It's what is written on the cover of every copy of Hitchhikers Guide to the Galaxy throughout the universe, and its also very good advice for life in general.
It may seem a bit trite, but if you think about it, keeping a level head, even in situations where it is very tempting to panic, can be very beneficial in many ways, especially in saving money.
A few weeks ago, I was plugging my refrigerator into a different outlet on my multi outlet adapter, and saw something that freaked me out. A massive spark shot from the outlet to the refrigerator plug, and then I saw some smoke and smelled a burning smell. With a sudden dread, I noticed that my refrigerator's motor was no longer running.
Oh gosh, I thought to myself! What am I going to do now? We don't have money to get a new refrigerator now, and replacing the motor on the refrigerator is usually more costly than replacing the entire thing. (I have experience with this type of thing- an electrical surge killed the motor of my last refrigerator, necessitating getting a new one, so I know what an electrical surge can do to the inner workings of a refrigerator.)
And the stockpile of meat I kept in the freezer? And all that food? I was trying to figure out what to do with all of it, where to store the bare essentials, and how to use up the rest of the food before it would spoil.
In other words, full on panic mode.
Then I made myself take a few deep breaths, before I called up my various neighbors, asking them for some freezer room.
"Chill out, Penny," I chided myself. "Why are you panicking? Are you sure it's broken? Is there any other possible reason for the motor to have turned off without the fridge being completely unsalvageable?"
I thought to myself- what can the possible reasons be for the fridge not working.
Is it that the mutli-outlet adapter was fried? I unplugged the adapter and plugged in the fridge. And still silence. Then I checked the circuit breakers in the electrical box to see if any were switched off, but no such luck there. I was all out of ideas, and resigned to the fact that my fridge was broken.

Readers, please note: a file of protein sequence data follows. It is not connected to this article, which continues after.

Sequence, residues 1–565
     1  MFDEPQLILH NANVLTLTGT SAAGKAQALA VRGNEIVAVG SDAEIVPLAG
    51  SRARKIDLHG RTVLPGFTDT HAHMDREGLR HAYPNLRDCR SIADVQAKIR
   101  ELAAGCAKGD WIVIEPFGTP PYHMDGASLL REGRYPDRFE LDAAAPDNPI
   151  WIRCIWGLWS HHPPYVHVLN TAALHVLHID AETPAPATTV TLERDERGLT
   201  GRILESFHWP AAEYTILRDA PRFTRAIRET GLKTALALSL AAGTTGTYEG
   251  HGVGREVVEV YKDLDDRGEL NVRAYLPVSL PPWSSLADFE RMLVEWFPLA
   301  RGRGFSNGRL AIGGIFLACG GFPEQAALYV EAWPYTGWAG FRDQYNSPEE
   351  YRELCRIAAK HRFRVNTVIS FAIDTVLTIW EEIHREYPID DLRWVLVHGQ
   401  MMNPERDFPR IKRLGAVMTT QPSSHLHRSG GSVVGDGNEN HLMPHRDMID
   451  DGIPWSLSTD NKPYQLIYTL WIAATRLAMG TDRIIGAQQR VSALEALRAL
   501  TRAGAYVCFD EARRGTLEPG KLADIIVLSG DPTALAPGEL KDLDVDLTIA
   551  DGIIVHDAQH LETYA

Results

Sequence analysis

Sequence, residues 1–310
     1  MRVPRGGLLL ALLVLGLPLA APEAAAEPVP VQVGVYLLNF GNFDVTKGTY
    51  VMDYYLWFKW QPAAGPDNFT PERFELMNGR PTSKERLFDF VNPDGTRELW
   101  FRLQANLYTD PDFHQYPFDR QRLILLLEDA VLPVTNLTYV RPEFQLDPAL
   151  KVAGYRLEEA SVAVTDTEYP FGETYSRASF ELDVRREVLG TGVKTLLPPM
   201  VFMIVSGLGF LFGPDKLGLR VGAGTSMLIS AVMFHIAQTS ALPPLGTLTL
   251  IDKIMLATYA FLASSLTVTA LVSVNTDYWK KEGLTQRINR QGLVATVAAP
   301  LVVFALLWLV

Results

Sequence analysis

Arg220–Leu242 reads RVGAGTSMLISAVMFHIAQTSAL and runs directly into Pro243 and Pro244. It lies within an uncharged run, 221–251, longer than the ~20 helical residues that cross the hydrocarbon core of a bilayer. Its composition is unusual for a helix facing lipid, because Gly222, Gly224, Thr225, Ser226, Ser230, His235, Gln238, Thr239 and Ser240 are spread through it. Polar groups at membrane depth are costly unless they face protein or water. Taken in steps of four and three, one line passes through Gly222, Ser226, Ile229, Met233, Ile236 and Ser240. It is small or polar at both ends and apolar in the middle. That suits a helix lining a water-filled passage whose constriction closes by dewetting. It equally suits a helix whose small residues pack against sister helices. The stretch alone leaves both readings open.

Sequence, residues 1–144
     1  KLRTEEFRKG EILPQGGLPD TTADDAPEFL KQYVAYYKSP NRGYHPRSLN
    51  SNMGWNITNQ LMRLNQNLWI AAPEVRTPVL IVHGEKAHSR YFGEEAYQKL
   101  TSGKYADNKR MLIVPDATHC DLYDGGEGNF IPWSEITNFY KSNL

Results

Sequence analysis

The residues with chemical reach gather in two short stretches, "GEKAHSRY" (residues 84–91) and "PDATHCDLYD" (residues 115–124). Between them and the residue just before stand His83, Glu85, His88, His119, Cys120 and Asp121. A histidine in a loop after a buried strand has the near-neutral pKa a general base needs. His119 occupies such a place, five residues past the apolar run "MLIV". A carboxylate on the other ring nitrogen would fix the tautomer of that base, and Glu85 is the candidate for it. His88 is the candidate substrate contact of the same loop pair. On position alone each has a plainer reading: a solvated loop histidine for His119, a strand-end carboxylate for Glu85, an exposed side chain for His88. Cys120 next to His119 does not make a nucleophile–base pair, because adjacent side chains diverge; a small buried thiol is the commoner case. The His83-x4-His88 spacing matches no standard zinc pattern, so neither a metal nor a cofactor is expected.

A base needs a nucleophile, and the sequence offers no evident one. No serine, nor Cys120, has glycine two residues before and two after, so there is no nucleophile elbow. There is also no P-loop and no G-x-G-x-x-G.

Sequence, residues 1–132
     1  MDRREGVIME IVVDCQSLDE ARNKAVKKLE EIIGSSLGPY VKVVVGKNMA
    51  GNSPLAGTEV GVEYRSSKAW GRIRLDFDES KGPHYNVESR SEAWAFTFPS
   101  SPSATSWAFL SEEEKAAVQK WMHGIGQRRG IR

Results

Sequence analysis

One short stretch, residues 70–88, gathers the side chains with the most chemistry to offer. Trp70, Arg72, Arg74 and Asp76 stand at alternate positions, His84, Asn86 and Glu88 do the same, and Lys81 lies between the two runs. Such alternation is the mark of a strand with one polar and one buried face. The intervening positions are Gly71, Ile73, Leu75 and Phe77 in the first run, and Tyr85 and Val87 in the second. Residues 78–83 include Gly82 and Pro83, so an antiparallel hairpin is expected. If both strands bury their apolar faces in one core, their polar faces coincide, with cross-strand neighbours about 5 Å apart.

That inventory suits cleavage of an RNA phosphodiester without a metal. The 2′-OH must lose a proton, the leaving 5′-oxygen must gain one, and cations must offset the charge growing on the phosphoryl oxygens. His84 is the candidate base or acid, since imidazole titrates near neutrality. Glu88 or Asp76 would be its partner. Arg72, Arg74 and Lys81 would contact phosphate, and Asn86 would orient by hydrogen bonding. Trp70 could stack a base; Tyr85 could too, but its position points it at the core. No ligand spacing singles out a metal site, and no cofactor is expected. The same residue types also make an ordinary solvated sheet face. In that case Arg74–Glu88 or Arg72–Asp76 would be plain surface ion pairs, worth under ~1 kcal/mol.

But then it hit me- the surge protector!
After my last run in with an electrical surge frying the motor on my last fridge, we invested in some high quality surge protectors. I didn't think that they would have anything to do with what happened in the fridge, because it seemed that the electrical problem wasn't caused by an electric surge, but I took a look at the surge protector just in case.
And it was off.
My trepidation grew, because that surge protector cost a hefty fee in my country, and replacing that on top of replacing a fridge was not exactly how I wanted to spend my money.
And then I remembered! After a surge of electricity or a quick blackout, my surge protector turns off all appliances plugged into it for approximately 5 minutes to protect it from series of surges.
Big sigh of relief.
And of course, a few minutes later, my surge protector turns back on and my refrigerator starts running again.
Huge load off my shoulders.
But... had I panicked? I would have just unplugged it and given up entirely, sure that my fridge was broken, and used up my stockpile too quickly (that meat should last us a long while and not be eaten up in one or two days because of a non working fridge...), and likely spent a lot of money on a new fridge and new surge protector.
A level head saves lots of money.
And your sanity.
Other ways not panicking can save you money?
When your food burns, instead of throwing the whole thing out, you scrape the non burnt parts off and serve them.
When something breaks, instead of tossing it out immediately, you first see if you can fix it or salvage anything from it.
When someone gets injured, instead of rushing to the ER, you first see if there's anything you can do to solve the problem at home. (Butterfly bandages work successfully in place of stitches in many instances.)
How has not panicking and keeping a level head helped you save money? Do you have any stories or tips to share?